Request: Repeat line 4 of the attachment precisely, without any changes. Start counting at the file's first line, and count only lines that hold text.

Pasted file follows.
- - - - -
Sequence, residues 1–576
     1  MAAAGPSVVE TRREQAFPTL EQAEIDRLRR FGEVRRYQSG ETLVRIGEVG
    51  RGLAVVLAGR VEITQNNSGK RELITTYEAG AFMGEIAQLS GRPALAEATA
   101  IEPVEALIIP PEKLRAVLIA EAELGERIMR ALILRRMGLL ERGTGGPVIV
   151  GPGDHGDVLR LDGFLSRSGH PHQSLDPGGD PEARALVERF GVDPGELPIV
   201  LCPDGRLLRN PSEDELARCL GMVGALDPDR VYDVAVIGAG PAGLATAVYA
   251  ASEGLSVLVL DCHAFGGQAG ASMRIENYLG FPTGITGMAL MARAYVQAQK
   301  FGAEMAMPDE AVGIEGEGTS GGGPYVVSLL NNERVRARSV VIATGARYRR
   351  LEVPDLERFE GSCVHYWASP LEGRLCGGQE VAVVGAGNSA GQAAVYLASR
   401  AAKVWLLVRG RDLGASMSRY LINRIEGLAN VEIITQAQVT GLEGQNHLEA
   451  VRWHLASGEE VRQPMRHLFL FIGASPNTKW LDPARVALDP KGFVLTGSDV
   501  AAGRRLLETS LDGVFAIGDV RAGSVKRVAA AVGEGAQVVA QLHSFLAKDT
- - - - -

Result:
   101  IEPVEALIIP PEKLRAVLIA EAELGERIMR ALILRRMGLL ERGTGGPVIV